As you begin to understand world governments don’t have your best interests in mind — that enemies of the State could more aptly be called enemies of the globe’s corporate and banking elite — power comes sharply into focus. Those who actually hold the power control the world’s economies, and it’s clear the fates of over 7.4 billion souls now inhabiting the planet are, at best, the least of their concern.
Of those at the top of food chain, so to speak, a small collection of families dictates both domestic and foreign policy — mainly through fueling war and conflict for the good of the military and pharmaceutical industries, and to a greater extent, corporate and central banks.
Five families, in particular, have made a killing off killing — from the enormously lucrative business of debt it creates to the industries feeding off the plundering of world resources — and therefore control the world.
Perhaps the most well-known among those five are the Rothschilds, whose dominance of central banks, nefarious insider trading, and nearly invisible hand in world governance — without consideration for the greater good — frequently earns the blanket description, evil.
Son of a conman, John Davidson Rockefeller effectively began to solidify his American empire after buying out several partners who owned Cleveland’s largest oil refinery in 1865 — which became the foundation for the formation of the Standard Oil Company of Ohio in 1870. By then purchasing rival refineries and distributing its oil around the world, Standard — and Rockefeller — established a staggering monopoly on the industry, cornering some 90 percent of America’s refineries and pipelines.
A panic inundated the U.S. in 1893, partly resulting from fear about the flow of the country’s surplus gold to foreign nations — but John Pierpont Morgan seized the opportunity to ‘save’ the economy and restore confidence in the dollar. Morgan had followed in his father’s footsteps in the banking industry, and formed J.P. Morgan & Company in 1895 — which, in effect, rescued the gold standard.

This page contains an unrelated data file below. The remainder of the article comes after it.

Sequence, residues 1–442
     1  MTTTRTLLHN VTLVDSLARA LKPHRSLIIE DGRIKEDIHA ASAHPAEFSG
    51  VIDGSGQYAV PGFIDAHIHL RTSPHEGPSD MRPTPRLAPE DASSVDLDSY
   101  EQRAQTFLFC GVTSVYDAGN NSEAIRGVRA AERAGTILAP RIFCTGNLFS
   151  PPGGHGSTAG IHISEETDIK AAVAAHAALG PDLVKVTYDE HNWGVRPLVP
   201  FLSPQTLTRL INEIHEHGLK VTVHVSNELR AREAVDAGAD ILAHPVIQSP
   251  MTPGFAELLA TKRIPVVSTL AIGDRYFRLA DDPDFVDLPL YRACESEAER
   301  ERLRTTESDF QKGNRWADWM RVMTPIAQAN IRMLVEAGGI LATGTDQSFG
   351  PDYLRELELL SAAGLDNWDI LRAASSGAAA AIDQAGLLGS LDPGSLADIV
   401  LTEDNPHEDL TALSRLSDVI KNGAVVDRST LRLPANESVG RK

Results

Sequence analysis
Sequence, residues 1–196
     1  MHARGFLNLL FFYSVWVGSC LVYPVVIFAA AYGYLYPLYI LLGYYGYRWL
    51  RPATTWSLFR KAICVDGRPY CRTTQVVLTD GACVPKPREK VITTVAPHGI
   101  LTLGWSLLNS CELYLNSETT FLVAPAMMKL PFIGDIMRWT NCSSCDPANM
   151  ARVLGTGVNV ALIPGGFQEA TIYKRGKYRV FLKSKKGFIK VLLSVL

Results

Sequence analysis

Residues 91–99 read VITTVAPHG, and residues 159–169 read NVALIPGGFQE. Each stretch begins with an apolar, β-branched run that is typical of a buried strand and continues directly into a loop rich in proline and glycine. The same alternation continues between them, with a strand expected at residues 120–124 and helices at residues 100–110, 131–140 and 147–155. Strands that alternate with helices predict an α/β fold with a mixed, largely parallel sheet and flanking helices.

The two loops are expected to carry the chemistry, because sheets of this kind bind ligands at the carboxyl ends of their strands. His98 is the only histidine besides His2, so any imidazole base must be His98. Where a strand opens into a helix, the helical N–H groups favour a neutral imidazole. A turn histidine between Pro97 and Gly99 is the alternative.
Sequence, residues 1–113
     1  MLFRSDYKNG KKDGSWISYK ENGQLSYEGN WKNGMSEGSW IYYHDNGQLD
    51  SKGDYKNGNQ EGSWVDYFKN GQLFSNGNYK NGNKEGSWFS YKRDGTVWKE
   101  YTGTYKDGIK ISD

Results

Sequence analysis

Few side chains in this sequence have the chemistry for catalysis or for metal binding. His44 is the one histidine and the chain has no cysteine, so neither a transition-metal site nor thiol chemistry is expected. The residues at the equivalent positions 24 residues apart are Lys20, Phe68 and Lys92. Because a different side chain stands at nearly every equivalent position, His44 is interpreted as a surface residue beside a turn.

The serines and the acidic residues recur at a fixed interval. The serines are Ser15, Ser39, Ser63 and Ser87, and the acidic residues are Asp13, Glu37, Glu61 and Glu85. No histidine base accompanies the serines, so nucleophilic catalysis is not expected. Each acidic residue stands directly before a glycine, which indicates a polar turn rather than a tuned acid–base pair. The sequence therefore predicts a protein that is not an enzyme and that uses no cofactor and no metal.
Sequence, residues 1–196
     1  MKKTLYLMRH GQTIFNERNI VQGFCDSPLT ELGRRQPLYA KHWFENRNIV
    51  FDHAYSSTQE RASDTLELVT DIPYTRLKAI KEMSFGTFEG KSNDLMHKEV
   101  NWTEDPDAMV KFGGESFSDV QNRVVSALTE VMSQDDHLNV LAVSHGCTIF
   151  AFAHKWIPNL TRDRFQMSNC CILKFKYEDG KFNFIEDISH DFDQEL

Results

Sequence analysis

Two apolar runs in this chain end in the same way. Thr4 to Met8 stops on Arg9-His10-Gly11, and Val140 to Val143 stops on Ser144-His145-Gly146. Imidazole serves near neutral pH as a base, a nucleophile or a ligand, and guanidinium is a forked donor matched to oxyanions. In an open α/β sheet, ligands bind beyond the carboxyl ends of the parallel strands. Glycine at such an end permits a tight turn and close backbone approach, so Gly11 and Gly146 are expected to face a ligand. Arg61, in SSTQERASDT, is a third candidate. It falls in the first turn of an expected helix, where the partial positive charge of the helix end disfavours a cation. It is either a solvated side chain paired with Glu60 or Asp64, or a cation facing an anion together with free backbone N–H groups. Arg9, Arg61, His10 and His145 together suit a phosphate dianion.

2. Du Pont
Pierre Samuel, Sieur du Pont de Nemours was a French economist whose protean political views both led him to be imprisoned during the French Revolution, when his views were found to be too moderate, and later to play an instrumental role in negotiating French side of the Louisiana Purchase.
After being held as a prisoner of war during the French Revolution, Éleuthère Irénée du Pont de Nemours fled to the United States, where he founded the empire responsible for such ubiquitous inventions as nylon, Teflon, and Kevlar, beginning with a gunpowder mill in Delaware.
After becoming the largest supplier of gunpowder to the U.S. military in the early 1800s, DuPont began manufacturing dynamite, growing to such incredible proportions — through collusion with its competition in the “Powder Trust” to fix prices — its monopoly on the industry was broken up under the Sherman Antitrust Act. However, similar to J.P. Morgan, DuPont’s supposed breakup allowed the family to maintain dominance over the munitions industry; and during the first world war, it supplied nearly 40 percent of all munitions used by allied forces.
Documents declassified in 2003 revealed Yale Skull and Bones society member, Prescott Sheldon Bush — George W.’s grandfather — could have been prosecuted for providing aid and comfort to the enemy for nefarious business dealings during the build up to, during, and after World War II. As the Guardian reported in 2004, the National Archives documents “show that even after America had entered the war and when there was already significant information about the Nazis’ plans and policies, [Prescott Bush] worked for and profited from companies closely involved with the very German businesses that financed Hitler’s rise to power.”
That description only vaguely scratches the surface of both the Bush family’s and U.S.’ apparent involvement in possible criminal activity surrounding the second world war. Though entire books are devoted to the subject, a lawsuit brought against the U.S. government and Bush family in 2004 claimed both materially benefited from slave labor at Auschwitz — and because the government knew what was taking place, it should have bombed the camp, the Guardian reported.
A petition asking for an opinion from the Hague reportedly stated,
From April 1944 on, the American Air Force could have destroyed the camp with air raids, as well as the railway bridges and railway lines from Hungary to Auschwitz. The murder of about 400,000 Hungarian Holocaust victims could have been prevented.
At the heart of the case, brought by two survivors, was an executive order signed in January 1944 by Pres. Roosevelt mandating the government to take all steps necessary to save European Jews — which, lawyers said, “was ignored because of pressure brought by a group of big American companies, including [Brown Brothers Harriman], where Prescott Bush was a director,” said the Guardian.
Some very hard-hitting exposures to make one think!